My Dear Sir
I desired Mr Iredell in a letter I wrote him a few days ago, to present you with my warm & friendly respects, & to assure you, that I had been prevented writing purely on account of expecting daily to hear from you at the Assembly. It was near the middle of May before I received the Papers;—I will refer him to my letter to the Committee of Correspondence, inclosed, & a letter I wrote the Treasurer, for my public conduct.—The little right I had to expect that warmth of Friendship which I have met from you, is an additional Circumstance to the grateful sense I have of your partial kindness; I am very sensible that my Success in the Affair of the Agency, is principally the work of your hand,—I wish I may ever have it in my power to make you a more weighty return than words, them I will spare. I am proud & happy in your Friendship, & will endeavor to deserve it.
I don't mean a Compliment, but I really think, the general Idea of your Petition, is the best I have seen. I should have blushed forever for You, if you had not bore some Testimony in the good cause.—Surely you have been polite and compliant enough.
It may be proper to give you a little private history as to your Petition. I am convinced they would have been better pleased, had you let it alone. Many of my friends (acquaintances rather) in Carolina, have kindly hinted to me, that I would best judge whether I would lay the Ideas of the mad, (rebellious) Americans at the foot of the throne;—& have been kindly concerned for the consequences to me, should I attempt it.—I am much obliged to them;—I see nothing in your petition, but my soul approves,—My spirit, as well as my Circumstances are independant;—& tho' my Lord H—h had the politeness to say, that Petitioning in my Circumstances was foolish, (his own words,) I insisted I had no discretion to exercise;—no question to ask, but that it should be presented in the most proper and official manner;—had he refused, I would have bent the knee myself,—the way it has been done is the only one, and never deviated from, but in cases of refusal. I
Lord Hillsborough is a violent opposer of your request to emit money;—many in the ministry I hope, & have reason to believe, are of a different opinion—as minister for America, he must have great weight; that is to me, notwithstanding,—a Circumstance of nothing.—It is ever my duty, to do my utmost, & I will,—& I do not despond;—one thing I only fear, he should object to my person & appointment.—It is the Cause of the people, if they cannot appoint a person to transact their Interests,—they are in a very peculiar and unhappy Condition indeed.—Shall I hint to you, that if the Council refuse their assent you have a capital right invaded,—which it is incumbent upon you to support;—I hope the occasion will not arise:—If it does,—it is of no small consequence.—It is not for me to enlarge upon this subject—nor is it necessary.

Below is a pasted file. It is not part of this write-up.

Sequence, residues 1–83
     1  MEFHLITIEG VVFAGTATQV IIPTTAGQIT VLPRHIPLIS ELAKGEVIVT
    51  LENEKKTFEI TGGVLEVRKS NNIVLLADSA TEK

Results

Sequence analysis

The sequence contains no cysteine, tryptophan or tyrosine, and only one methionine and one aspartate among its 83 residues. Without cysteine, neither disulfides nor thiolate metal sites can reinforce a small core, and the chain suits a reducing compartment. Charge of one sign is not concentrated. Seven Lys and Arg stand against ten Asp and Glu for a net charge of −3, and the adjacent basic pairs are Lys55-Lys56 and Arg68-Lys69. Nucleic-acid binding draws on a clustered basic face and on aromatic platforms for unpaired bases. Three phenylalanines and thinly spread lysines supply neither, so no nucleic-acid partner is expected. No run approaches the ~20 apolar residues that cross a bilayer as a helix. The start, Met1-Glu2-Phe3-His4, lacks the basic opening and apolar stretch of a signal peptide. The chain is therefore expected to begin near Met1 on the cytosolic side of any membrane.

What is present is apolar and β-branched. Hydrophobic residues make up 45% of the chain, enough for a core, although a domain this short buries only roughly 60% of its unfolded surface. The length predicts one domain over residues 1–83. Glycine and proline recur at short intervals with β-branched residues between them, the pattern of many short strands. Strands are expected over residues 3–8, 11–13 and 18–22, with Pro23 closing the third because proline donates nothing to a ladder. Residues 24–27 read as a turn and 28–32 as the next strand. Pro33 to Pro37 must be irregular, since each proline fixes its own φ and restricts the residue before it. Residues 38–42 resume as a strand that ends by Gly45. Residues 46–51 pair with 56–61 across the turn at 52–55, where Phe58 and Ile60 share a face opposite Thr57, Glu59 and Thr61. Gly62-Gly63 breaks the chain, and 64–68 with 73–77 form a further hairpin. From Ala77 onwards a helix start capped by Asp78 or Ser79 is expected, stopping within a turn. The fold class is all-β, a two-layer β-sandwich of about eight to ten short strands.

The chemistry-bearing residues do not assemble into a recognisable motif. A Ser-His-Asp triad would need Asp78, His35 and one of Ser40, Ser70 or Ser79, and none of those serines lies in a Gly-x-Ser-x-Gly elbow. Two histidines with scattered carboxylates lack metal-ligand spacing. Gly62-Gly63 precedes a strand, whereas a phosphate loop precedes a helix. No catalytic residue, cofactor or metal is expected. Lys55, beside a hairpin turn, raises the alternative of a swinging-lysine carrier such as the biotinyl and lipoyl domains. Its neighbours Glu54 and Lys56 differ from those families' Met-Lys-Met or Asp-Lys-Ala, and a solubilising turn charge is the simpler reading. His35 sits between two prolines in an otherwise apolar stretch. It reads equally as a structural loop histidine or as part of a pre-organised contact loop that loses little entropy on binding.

You will perceive by my letters to the treasurers, I have not been able to receive anything on accot of the province.—Considering the unhappy loaded Condition of your public funds, & the cursed spirit of Levelling, that prevails among you,—I thought it advisable not to give the smallest handle for declaimers;—I therefore have left alone purchasing the maces till I hear further.—Your Robe, which I conceived were immediatly wanted, I have purchased & sent to the care of J. M.—I flatter myself, it will please, for it is rich, & plain.—You will want a handsome Tye upon the occasion, but that, I recollect, George Gray of Edenton can furnish you with.—Ninety nine, out of a hundred, of the sons of Adam, bow the Knee to appearances:—so far, wise men approve, & make use of them.
I am concerned, I cannot give you hopes of succeeding for your friends in Hardwood's affair;—the poor devil is invisible; they talk of a compromise of 5s. in the pound, I would gladly take it;—Be pleased to assure the Gentlemen, I will be attentive to every circumstance which can give their Claim a value,—and will take upon me to act with discretionary Powers on their behalf.
I am extremely obliged to you for your kind Intentions, respecting Jimmy Iredell.—I warmly recommend it to him, to approve himself to you.
I must rejoice that your complaints agst the Office, no longer continue.—Be assured, no Circumstance under my power or direction, shall ever give you a moments uneasiness.—I don't expect to be very long your Collector. I wish you may get one, who wishes us kindly to the Interests of the Port.
I have it from authority, to acquaint you, that the Acts complained of by America are to be repealed;—their proud stomachs here, must come down.—Our politics h ereare nothing, but a scene of confusion.—Men's minds seem greatly inflamed.—The ministry &c. seem most cordially detested;—it is however my opinion that they will keep their seats.
Col. Mercer of Virginia has been for sometime appointed your Lieutr Govr & I believe has thoughts of succeeding: when Mr Tryon leaves America.
I send you a bundle of papers, magazines, Registers &c. which I know to be very agreeable food to a person in your part of the World: the public prints are the best picture of the times.—& you may depend on my supplying you with them occasionally.
I write you a long confused letter, & am sensible I have many excuses to make for the manner;—but I truly write in the greatest hurry.—On Tuesday next, I set out for France, &c. to spend the Vacation, which now takes place as to all sort of business.
I will hope to be often favored with hearing from you.—I intreat I may.—If in my power to serve you here, in any shape,—pray Command me and make me happy. As I said before, I will not make use of words—I warmly think myself under great Obligations to you,—& am with the utmost regard & truth
P. S. My Complts & thanks to the Gentlemen your way, who interested themselves for me.—One thing, let me add,—Surely